• Are you setting SynchronizationContext to SynchronizationContext.Current?  If so, the context shouldn't be null if you're calling it from a UI thread.  If you call this from a ThreadPool thread, the context will be null, though, as it's only setup by certain frameworks.

    That being said, as I mentioned, I'd really argue that writing in terms of Task/Task<T> is really a better model for any new development with asynchronous method calls...


    Reed Copsey, Jr. - http://reedcopsey.com
    If a post answers your question, please click "Mark As Answer" on that post and "Mark as Helpful".

    Monday, March 19, 2012 8:59 PM
    Moderator
  • First of all this is not new development, I am debugging the existing code developed in C++/CLI to fix some issues with threading.

    And, I am not setting SynchronizationContext to anything. But do I need to set that explicitly when using AsyncOperation created with call System::ComponentModel::AsyncOperationManager::CreateOperation(reader); where reader is object created on user created thread - Thread A and not a thread from ThreadPool.


    shura

    Monday, March 19, 2012 9:07 PM
  • In short, when we want to post/send an operation to UI thread, we can use SynchronizationContext of UI thread, however, if we need to
    post/send operations to non-UI thread, SynchronizationContext doesn’t work.

    The reason is UI thread employs WindowsFormsSynchronizationContext as SynchronizationContext, this SynchronizationContext uses the ISynchronizeInvoke methods on a UI control, which passes the delegates to the underlying Win32 message loop. The context for WindowsFormsSynchronizationContext is a single UI thread. All delegates queued to the WindowsFormsSynchronizationContext are executed one at a time; they’re executed by a specific UI thread in the order they were queued. The current implementation creates one WindowsFormsSynchronizationContext for each UI thread.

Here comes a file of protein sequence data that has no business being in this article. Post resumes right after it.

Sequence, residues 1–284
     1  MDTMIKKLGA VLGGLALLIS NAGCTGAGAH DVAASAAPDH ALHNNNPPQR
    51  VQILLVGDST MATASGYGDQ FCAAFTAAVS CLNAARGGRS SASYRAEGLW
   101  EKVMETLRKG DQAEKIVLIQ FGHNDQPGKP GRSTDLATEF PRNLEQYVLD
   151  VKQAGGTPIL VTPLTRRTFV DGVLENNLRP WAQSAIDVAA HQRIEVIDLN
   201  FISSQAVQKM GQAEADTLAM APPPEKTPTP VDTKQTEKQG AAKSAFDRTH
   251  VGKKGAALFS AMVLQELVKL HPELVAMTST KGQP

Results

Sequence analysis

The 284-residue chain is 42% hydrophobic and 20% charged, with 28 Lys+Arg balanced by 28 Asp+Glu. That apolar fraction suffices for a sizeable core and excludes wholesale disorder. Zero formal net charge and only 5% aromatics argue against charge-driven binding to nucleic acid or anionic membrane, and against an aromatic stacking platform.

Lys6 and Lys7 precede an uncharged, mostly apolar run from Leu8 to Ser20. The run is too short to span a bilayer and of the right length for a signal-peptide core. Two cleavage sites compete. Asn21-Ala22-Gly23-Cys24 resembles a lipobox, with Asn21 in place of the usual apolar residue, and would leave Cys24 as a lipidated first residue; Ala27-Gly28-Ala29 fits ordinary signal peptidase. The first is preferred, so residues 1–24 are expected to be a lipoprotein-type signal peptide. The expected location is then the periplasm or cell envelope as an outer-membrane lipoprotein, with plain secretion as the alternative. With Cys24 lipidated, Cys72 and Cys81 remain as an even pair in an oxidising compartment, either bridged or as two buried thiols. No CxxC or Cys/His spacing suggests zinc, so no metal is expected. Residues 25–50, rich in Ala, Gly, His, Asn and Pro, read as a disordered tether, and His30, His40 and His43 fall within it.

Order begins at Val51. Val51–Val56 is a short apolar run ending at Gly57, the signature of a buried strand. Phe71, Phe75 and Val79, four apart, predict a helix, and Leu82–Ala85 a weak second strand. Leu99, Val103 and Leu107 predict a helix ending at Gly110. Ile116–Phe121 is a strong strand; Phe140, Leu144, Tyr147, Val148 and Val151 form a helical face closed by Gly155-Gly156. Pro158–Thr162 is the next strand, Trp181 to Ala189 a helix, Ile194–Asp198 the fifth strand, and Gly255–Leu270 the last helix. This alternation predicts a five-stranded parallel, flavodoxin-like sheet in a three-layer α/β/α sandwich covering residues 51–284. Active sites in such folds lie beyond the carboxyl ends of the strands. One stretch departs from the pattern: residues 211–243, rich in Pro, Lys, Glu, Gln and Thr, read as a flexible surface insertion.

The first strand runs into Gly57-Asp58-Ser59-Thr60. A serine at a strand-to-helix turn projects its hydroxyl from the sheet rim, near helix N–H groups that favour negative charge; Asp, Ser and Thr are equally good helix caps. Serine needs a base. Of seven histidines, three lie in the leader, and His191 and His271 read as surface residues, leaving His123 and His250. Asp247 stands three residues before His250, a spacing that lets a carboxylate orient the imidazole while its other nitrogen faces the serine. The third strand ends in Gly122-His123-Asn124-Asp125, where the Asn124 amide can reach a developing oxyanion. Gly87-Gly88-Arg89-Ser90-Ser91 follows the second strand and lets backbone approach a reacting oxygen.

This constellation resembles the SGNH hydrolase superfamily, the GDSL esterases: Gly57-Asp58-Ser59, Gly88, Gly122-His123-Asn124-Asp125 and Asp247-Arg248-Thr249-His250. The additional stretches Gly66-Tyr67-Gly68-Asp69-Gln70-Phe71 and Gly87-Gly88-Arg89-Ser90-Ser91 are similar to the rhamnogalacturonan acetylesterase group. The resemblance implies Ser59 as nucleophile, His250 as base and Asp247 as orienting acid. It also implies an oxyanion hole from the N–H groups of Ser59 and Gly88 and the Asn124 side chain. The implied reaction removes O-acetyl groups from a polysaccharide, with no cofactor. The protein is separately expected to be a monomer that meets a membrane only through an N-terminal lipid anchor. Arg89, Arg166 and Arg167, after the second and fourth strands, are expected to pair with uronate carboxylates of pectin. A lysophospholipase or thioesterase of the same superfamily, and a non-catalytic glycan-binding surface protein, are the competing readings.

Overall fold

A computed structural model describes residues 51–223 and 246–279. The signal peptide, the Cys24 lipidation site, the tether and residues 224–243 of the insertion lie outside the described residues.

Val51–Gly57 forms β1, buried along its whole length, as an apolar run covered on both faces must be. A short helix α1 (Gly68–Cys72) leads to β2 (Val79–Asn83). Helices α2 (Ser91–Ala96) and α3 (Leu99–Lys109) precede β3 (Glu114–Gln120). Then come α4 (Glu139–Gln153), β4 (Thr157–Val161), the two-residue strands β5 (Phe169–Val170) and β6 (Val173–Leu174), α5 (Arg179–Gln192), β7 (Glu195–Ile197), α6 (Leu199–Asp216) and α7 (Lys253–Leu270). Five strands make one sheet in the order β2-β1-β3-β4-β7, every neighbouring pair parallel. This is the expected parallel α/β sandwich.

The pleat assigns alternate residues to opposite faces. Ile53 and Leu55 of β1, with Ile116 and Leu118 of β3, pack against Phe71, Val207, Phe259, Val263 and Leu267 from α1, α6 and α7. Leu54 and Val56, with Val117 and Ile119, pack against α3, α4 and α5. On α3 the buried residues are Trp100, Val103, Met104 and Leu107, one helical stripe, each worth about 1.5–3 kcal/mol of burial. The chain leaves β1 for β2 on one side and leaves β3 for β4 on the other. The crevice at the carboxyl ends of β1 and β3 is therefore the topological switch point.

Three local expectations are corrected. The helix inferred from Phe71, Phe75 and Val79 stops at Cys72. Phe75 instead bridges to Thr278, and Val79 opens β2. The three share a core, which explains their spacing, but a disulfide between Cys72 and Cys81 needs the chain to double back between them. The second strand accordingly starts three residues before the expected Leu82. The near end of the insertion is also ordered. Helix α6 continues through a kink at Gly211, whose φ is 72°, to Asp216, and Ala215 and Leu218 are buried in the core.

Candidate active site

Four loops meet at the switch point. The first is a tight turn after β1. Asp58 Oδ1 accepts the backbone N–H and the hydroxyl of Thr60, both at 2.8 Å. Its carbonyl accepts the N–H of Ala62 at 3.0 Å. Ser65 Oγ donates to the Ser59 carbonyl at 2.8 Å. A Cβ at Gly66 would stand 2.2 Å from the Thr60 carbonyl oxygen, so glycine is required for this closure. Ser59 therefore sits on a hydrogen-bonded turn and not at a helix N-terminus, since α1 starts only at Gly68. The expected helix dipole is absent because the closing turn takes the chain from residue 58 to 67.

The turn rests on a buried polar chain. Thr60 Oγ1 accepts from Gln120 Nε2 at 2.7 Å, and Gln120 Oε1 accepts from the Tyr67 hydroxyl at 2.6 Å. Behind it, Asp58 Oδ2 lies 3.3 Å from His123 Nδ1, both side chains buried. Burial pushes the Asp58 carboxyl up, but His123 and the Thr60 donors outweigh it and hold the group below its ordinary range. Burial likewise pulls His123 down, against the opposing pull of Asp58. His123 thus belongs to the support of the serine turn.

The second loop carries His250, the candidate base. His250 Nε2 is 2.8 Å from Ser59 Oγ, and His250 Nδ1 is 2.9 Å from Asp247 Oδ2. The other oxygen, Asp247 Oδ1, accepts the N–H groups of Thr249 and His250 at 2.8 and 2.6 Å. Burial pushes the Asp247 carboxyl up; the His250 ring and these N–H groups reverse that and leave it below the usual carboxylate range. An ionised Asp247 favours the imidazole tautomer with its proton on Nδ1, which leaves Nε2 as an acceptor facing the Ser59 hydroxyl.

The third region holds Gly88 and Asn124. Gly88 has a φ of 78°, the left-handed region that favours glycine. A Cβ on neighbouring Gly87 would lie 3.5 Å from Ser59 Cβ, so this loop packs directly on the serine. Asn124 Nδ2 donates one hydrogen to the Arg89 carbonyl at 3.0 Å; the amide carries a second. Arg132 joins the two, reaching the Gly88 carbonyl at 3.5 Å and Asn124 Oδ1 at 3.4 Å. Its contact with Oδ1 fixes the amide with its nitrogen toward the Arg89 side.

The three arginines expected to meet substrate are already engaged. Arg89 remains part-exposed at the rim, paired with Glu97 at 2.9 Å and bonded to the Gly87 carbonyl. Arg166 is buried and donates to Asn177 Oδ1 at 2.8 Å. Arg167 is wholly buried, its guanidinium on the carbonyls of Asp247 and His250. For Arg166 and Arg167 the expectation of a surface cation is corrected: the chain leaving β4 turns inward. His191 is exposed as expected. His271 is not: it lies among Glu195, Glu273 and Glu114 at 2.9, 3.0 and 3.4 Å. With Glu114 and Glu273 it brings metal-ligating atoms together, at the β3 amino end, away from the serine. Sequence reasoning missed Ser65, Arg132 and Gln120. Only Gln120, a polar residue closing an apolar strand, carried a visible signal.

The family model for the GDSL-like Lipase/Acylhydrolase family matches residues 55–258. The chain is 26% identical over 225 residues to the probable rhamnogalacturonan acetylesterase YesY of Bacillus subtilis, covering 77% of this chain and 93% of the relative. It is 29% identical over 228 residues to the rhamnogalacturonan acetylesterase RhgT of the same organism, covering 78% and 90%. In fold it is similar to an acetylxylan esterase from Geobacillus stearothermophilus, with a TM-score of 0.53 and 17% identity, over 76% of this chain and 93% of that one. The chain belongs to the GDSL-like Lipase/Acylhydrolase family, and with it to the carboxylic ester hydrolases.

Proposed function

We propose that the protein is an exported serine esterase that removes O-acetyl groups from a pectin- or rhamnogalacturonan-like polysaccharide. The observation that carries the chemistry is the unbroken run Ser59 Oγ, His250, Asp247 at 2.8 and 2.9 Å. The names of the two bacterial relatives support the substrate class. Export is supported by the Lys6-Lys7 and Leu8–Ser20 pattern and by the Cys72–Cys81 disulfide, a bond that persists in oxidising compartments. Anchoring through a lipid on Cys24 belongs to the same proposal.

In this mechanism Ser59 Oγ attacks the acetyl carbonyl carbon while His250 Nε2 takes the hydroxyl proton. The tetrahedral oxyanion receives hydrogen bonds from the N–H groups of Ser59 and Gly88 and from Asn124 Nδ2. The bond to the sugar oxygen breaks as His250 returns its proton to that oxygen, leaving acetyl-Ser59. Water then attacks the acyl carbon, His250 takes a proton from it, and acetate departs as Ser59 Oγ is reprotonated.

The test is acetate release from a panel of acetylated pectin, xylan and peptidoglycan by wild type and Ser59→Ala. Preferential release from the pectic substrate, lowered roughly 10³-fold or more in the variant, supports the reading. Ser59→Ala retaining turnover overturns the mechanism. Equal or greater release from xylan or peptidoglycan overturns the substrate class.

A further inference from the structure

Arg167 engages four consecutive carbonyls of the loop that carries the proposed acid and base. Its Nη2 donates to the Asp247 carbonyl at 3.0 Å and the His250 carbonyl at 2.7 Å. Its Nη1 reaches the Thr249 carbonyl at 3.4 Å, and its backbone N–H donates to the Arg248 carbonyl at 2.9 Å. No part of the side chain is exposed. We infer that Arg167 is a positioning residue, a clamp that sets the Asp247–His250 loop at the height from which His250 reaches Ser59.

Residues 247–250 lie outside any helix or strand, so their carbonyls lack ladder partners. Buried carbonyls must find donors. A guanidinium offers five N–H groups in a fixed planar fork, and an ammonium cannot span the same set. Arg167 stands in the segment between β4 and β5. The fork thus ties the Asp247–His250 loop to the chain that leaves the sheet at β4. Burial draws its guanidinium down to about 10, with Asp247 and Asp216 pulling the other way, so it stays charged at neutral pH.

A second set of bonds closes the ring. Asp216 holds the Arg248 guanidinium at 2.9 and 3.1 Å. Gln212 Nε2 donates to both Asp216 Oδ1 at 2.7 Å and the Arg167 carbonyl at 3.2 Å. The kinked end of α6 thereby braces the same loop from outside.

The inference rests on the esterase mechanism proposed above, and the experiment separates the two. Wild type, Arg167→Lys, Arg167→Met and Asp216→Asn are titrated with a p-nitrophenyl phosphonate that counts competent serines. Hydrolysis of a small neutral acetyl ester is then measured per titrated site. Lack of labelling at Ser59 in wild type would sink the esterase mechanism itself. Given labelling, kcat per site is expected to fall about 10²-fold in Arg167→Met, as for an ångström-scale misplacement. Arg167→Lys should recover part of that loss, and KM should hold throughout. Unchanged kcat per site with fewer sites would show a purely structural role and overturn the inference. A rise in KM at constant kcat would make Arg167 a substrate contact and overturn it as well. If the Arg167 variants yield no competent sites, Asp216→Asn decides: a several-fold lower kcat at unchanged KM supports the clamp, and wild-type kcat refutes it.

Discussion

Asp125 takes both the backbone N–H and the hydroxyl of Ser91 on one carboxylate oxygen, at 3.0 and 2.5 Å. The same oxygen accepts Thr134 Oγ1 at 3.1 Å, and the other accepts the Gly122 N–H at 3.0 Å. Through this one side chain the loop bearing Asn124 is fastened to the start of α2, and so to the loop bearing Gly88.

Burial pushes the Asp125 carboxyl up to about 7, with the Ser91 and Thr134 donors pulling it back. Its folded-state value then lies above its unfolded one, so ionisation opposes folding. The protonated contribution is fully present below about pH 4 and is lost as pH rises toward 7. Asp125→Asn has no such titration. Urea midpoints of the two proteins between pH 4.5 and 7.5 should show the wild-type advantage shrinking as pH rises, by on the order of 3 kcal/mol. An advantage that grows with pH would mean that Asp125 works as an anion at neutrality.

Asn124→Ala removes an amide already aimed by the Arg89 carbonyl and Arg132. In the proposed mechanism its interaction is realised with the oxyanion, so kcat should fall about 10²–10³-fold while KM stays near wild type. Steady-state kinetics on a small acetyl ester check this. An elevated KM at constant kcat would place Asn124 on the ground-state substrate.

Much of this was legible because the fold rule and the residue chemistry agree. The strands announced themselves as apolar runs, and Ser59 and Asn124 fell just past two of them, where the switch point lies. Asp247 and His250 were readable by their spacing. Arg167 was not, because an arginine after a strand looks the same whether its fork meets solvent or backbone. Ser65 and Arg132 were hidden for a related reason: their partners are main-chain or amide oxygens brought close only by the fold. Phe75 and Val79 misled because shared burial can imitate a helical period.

Non-UI thread uses SynchronizationContext: The default SynchronizationContext is a default-constructed SynchronizationContext object.
    By convention, if a thread’s current SynchronizationContext is null, then it implicitly has a default SynchronizationContext. The default SynchronizationContext queues its asynchronous delegates to the ThreadPool but executes its synchronous delegates directly on the calling thread. Therefore, its context covers all ThreadPool threads as well as any thread that calls Send. The context “borrows” threads that call Send, bringing them into its context until the delegate completes. In this sense, the default context may include any thread in the process.

    Reference:

    [1] It's All About the SynchronizationContext

    http://msdn.microsoft.com/en-us/magazine/gg598924.aspx

    [2] Understanding SynchronizationContext

    http://www.codeproject.com/Articles/31971/Understanding-SynchronizationContext-Part-I



    Please remember to click “Mark as Answer” on the post that helps you, and to click “Unmark as Answer” if a marked post does not actually answer your question. This can be beneficial to other community members reading the thread.

    Regards,
    Eric Yang
    Microsoft Online Community Support

    • Marked as answer by Bhavesh Shura Tuesday, April 3, 2012 12:06 PM
    Tuesday, April 3, 2012 7:30 AM